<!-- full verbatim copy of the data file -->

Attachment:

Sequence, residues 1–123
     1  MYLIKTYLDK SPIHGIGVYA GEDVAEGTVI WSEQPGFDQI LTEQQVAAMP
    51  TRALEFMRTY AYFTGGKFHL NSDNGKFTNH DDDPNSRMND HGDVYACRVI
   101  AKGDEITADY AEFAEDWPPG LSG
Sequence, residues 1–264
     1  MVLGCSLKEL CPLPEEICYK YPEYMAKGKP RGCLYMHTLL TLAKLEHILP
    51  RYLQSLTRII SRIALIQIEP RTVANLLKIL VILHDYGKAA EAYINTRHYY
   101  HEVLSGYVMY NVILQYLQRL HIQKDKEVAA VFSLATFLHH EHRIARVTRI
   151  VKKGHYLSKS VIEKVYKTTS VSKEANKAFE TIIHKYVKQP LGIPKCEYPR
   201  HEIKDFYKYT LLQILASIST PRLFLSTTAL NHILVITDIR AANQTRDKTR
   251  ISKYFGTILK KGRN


Sequence, residues 1–123
     1  MYLIKTYLDK SPIHGIGVYA GEDVAEGTVI WSEQPGFDQI LTEQQVAAMP
    51  TRALEFMRTY AYFTGGKFHL NSDNGKFTNH DDDPNSRMND HGDVYACRVI
   101  AKGDEITADY AEFAEDWPPG LSG
Sequence, residues 1–264
     1  MVLGCSLKEL CPLPEEICYK YPEYMAKGKP RGCLYMHTLL TLAKLEHILP
    51  RYLQSLTRII SRIALIQIEP RTVANLLKIL VILHDYGKAA EAYINTRHYY
   101  HEVLSGYVMY NVILQYLQRL HIQKDKEVAA VFSLATFLHH EHRIARVTRI
   151  VKKGHYLSKS VIEKVYKTTS VSKEANKAFE TIIHKYVKQP LGIPKCEYPR
   201  HEIKDFYKYT LLQILASIST PRLFLSTTAL NHILVITDIR AANQTRDKTR
   251  ISKYFGTILK KGRN